Lucas Peterka/Staff Photographer JC Bar & Grill sourced its pig from a farm in Lisle, New York, and seasoned and roasted it for seven hours.

In Johnson City, the coronavirus has forced food businesses to adapt much like the rest of the country. However, one thing that has never changed about JC Bar & Grill is its sense of community. Located on 320 Grand Ave. in Johnson City, JC Bar & Grill, currently changing its name to The Bosses, had a pig roast event on Sunday, Aug. 30. The restaurant has hosted events similar to the pig roast before the coronavirus pandemic, which forced them to close back in March. After reopening in June, JC Bar & Grill now aims to pick things back up again.

There was spaced seating to accommodate COVID-19 guidelines, consisting of a large outdoor seating area and spaced-out indoor seating — there were regular picnic tables as well as higher tables for groups of two to sit outside. A $12 dinner was offered for the event containing beans, potatoes, coleslaw and a dinner pork roll. Inside the bar, customers could enjoy the pool table, televisions above the bar and an electronic jukebox.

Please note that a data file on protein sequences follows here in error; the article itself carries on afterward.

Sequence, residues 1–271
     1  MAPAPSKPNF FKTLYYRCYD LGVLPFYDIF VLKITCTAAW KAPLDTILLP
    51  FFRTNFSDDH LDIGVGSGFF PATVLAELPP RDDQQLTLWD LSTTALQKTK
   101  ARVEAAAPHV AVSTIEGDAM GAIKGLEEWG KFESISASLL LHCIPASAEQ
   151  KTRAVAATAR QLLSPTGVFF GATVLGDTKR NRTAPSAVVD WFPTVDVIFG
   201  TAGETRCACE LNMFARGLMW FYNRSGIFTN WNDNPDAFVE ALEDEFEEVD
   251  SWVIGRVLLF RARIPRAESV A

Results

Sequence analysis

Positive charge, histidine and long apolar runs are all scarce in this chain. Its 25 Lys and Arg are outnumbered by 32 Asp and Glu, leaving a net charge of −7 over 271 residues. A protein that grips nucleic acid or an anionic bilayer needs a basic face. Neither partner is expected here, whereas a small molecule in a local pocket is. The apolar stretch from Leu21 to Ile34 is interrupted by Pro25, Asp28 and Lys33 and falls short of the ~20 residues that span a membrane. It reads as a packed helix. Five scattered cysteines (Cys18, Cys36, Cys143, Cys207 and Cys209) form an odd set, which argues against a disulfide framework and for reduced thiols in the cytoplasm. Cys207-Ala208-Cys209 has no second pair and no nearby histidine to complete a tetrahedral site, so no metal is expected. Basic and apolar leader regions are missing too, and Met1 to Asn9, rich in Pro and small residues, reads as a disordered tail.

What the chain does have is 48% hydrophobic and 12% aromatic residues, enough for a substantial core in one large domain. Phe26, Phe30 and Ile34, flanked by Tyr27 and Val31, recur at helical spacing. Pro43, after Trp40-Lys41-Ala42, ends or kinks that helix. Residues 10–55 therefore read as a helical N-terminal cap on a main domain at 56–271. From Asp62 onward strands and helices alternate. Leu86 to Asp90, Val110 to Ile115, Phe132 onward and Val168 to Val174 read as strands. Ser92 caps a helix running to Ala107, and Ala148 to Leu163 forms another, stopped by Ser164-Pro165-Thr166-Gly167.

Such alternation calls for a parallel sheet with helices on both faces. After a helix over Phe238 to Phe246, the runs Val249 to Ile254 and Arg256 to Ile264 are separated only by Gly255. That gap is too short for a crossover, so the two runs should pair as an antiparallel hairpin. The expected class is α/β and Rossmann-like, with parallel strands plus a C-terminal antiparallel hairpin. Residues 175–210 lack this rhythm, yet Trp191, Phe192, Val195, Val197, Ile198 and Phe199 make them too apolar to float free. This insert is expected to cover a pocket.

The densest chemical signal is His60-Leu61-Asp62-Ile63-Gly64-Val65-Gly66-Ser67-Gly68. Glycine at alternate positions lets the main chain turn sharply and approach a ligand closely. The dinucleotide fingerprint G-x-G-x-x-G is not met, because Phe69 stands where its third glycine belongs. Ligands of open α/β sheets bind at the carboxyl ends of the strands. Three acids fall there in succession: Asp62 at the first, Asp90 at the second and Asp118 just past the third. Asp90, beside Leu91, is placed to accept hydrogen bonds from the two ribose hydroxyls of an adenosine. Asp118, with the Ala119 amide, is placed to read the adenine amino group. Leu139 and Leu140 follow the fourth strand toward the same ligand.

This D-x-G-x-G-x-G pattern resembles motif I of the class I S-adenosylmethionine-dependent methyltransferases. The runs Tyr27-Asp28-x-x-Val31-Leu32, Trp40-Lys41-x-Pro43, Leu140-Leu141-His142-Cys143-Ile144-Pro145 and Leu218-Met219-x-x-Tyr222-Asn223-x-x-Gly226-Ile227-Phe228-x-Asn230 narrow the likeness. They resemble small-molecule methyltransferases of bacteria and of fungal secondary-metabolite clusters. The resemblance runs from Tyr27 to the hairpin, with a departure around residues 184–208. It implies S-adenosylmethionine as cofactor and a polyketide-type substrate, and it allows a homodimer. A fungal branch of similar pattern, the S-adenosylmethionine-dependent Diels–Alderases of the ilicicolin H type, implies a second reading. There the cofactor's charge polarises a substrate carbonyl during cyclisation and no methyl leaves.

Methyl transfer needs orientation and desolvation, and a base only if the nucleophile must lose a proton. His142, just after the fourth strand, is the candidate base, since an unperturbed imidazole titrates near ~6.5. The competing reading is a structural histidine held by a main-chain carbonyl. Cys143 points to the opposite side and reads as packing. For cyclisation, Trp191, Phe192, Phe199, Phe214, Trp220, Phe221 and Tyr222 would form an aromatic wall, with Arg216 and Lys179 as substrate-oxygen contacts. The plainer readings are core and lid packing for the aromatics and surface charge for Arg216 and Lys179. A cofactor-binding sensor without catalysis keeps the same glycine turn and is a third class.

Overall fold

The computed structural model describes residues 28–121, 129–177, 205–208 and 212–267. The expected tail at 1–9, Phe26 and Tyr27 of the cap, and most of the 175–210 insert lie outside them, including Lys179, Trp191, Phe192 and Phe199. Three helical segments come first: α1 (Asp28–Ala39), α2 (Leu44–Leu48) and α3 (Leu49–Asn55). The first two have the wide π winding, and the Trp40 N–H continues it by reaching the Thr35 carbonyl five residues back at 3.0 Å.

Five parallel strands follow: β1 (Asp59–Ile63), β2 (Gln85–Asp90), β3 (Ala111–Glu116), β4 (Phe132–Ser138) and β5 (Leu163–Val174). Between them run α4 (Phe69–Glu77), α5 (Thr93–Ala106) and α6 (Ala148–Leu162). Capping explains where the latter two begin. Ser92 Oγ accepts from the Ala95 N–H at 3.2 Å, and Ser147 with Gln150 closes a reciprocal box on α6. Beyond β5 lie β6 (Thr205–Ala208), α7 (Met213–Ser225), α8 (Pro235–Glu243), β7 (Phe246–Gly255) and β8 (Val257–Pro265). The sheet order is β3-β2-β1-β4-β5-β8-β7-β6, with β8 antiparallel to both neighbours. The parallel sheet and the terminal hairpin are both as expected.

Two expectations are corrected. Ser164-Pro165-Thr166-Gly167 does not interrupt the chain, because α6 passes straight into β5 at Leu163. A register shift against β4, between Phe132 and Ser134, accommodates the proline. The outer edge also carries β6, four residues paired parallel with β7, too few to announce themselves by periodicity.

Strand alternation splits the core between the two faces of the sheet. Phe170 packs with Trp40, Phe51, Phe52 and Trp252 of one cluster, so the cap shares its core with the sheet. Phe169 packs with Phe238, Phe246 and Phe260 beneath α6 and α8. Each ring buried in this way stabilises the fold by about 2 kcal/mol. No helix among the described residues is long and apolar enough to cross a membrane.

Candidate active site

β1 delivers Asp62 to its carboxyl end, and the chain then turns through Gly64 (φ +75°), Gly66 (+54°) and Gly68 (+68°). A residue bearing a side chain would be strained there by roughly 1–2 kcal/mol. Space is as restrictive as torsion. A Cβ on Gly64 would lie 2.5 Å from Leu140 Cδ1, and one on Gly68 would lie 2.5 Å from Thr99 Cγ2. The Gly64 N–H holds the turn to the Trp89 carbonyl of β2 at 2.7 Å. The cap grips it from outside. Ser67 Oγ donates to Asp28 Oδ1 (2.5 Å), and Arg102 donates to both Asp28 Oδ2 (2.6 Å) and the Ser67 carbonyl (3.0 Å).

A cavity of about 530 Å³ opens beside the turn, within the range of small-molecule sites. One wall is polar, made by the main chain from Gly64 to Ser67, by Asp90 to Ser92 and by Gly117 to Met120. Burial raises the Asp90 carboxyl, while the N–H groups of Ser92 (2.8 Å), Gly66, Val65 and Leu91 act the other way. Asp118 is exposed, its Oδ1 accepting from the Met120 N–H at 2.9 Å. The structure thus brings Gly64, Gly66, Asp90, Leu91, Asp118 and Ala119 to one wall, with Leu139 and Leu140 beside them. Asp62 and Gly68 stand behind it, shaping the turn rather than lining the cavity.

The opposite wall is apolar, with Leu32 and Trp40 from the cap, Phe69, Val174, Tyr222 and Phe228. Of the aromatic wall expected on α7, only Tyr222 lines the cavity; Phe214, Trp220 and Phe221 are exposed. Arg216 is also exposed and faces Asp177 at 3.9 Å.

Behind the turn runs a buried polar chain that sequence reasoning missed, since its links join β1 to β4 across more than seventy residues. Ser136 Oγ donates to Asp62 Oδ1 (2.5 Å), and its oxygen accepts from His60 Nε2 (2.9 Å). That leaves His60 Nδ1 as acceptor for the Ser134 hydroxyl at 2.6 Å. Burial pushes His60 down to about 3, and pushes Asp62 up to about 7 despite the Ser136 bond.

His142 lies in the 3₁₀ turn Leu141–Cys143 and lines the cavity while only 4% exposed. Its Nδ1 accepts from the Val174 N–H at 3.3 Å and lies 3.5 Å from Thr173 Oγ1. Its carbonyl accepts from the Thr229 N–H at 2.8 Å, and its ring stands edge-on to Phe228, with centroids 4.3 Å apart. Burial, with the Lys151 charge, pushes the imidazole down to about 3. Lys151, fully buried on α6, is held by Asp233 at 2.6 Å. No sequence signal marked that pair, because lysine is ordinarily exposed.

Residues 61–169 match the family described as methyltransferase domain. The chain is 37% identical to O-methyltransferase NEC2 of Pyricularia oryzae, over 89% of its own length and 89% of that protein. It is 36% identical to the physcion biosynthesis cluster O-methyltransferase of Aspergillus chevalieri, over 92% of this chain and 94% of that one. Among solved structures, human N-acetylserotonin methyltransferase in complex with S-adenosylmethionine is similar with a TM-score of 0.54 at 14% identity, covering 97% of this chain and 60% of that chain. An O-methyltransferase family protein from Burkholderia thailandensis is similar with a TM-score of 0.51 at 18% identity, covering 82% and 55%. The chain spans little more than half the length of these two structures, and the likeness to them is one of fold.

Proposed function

Josh Orzel, 49, and Matt Conover, 52, of Johnson City, explained the process that brought the pig to the grill.

“We got it on a farm in Lisle, and they’re all farm-raised and they are stamped by the USDA,” Orzel said. “They go up there and inspect them.”

Orzel and Conover brought the pig back, spiced it and roasted it for seven hours. They cut the pieces out with carving tools and sent the meat to the kitchen to prepare the dinners.

The bar and grill has a significant number of regulars that come all the time. Frank Sedlacek, 63, owner of the building, of Johnson City, emphasized the community aspect of the bar.

“It’s a good little neighborhood bar,” he said. “We got a lot of the neighborhood that walks in.”

Sedlacek’s daughter, Jessica, 30, took over the restaurant from her father in November 2019. She, much like her father, embraced the pig roast bringing the community together.

“Usually if an unfamiliar face walks through the door, we know it right away,” she said.

The COVID-19 pandemic has made many daily events and operations uncertain. Sedlacek was forced to put everything on pause when the virus first hit.

“I wanted to do all this stuff, but [COVID-19] hit and I didn’t want to put money into it not knowing what’s gonna happen, if I was going to be shut down for good or what,” Sedlacek said.

Despite the hardships, Sedlacek believed this roast demonstrated the resilience and unity of the community.